by Mark Pomerville
Ever since high school, Annika (Hargreaves) St. John ’10 was certain that she wanted to use her gifts to help people, specifically in the area of social work. While attending Providence, her teachers and peers encouraged her to follow God’s calling. “Providence shaped me heavily,” says St. John. “Not only did I learn a great deal about a variety of subjects, but I also made friendships with my classmates and professors that had such a profound impact on me. Everyone cared about each other, and they inspired me to seek the Lord in whatever career I chose to pursue.”
In May 2010, St. John graduated from Providence and began to search for opportunities to serve others. Wanting to be certain that social work was truly God’s calling, she began working as an Early Intervention Tutor at Behavior & Education Strategies & Training (B.E.S.T.) in Salida, CA. Part of St. John’s duties included performing behavioral therapy with kids who were recently diagnosed with autism, utilizing the principles of applied behavior analysis to help children of all ages improve their coping skills with sensory overstimulation. “My goal was to make kids feel like they belonged because sometimes they struggled to connect with others,” reflects St. John. “I did my best to help them through their loneliness and frustration by communicating in positive ways. I look back fondly at my time in college and know that because of the friendships and connections I made at Providence, I was able to show these kids the same care and personal connection that my professors and peers had shown me. After serving so many kids, I knew that social work was truly where the Lord wanted me to be.”
After serving at B.E.S.T. for a year, St. John began to pursue higher education in the hopes of earning her Master’s degree in Social work. Graduate school proved rigorous and demanding, requiring strong commitment and determination, but St. John was up for the challenge. “The first quarter of graduate school was intense,” says St. John. “However, Providence prepared me for anything. I had written so many papers during my time at Providence that my graduate studies didn’t seem as difficult.” In June 2016, St. John earned her master’s in social work and began several advanced internships.
Today, St. John is a Hospice Social Worker for St. Joseph’s Medical Center through CHI Franciscan Health System in Tacoma, Washington, one of the top healthcare service providers in the nation. Every week, St. John visits various homes and health facilities with terminally ill patients, many of whom only have six months left to live. From offering proper healthcare advocacy, as well as assessing patients’ financial needs, she offers resources and emotional support to those who have been neglected due to their critical condition. “There is never a day when I don’t love coming to work,” says St. John. “As a social worker, I’ll meet people in the worst situations that they can go through. Many of the families I see are going to lose someone they love. Some days are harder than others, but I know that God has brought me here to be a light to the people I meet.”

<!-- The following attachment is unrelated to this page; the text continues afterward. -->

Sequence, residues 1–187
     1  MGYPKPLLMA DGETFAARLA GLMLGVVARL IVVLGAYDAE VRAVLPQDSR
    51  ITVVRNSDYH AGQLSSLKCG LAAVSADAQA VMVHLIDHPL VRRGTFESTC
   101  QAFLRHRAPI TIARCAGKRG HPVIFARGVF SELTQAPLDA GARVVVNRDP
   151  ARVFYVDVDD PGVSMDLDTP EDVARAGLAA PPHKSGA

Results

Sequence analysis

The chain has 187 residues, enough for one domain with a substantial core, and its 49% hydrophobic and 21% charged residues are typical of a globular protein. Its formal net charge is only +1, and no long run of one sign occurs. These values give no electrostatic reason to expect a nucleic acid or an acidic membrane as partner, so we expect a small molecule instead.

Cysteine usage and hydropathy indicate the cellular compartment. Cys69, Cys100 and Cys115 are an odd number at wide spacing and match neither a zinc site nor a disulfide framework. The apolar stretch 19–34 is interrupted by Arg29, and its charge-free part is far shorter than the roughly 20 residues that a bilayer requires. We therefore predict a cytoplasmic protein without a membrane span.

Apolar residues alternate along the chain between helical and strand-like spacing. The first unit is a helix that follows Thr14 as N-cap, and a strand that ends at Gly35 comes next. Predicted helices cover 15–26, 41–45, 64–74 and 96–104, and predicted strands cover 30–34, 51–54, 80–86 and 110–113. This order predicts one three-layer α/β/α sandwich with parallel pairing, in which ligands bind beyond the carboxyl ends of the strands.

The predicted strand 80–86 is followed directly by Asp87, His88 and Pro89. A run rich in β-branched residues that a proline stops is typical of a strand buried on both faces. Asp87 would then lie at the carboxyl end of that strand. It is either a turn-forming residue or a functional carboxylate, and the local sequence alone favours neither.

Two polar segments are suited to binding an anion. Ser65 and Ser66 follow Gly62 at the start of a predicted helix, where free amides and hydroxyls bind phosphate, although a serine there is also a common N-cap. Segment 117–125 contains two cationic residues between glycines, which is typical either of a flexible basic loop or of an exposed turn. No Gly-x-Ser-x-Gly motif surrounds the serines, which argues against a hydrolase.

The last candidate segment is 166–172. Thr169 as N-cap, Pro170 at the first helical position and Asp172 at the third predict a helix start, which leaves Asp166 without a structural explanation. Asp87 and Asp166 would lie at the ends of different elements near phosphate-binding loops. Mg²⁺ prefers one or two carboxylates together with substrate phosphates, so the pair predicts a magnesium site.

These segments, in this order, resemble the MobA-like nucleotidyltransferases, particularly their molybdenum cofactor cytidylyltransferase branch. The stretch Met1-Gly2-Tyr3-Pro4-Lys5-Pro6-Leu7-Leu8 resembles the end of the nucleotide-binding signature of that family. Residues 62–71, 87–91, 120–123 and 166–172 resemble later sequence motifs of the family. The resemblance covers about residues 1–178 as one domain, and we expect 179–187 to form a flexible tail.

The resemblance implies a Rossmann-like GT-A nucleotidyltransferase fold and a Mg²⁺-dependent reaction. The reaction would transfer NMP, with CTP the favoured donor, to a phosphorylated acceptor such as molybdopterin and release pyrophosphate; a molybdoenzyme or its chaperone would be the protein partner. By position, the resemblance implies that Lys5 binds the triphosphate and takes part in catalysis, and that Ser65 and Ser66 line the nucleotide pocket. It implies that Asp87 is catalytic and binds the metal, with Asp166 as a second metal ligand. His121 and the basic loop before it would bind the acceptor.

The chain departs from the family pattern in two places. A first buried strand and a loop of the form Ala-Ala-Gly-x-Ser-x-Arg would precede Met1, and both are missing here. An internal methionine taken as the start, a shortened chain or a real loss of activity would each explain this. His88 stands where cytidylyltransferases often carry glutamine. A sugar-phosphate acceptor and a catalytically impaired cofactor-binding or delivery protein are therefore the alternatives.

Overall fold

While St. John’s empathy and kindness have brought joy to many of her patients, she meets some people who face death with little hope of where they will spend eternity. “For Christians, there is hope in death because we know that we will be in heaven with our Father,” says St. John. “However, some of the patients I see don’t have that hope. Fortunately, Providence not only prepared me for the world, academically, but also grew me spiritually. The Lord has given me opportunities to pray with my patients, and I truly believe that through having a solid Reformed Biblical foundation, God has equipped me and called me to serve and glorify Him through my work.”
As St. John continues to fulfill her calling, she remembers how Providence equipped her to care for others in ways she never expected. “It seems like every step of the way, the Lord used my Providence education to help open doors for me,” states St. John. “I’m so happy I studied liberal arts because I was exposed to a variety of subjects. I became well-rounded, and I am now able to effectively relate to people and offer compassion to them no matter where they are in life.”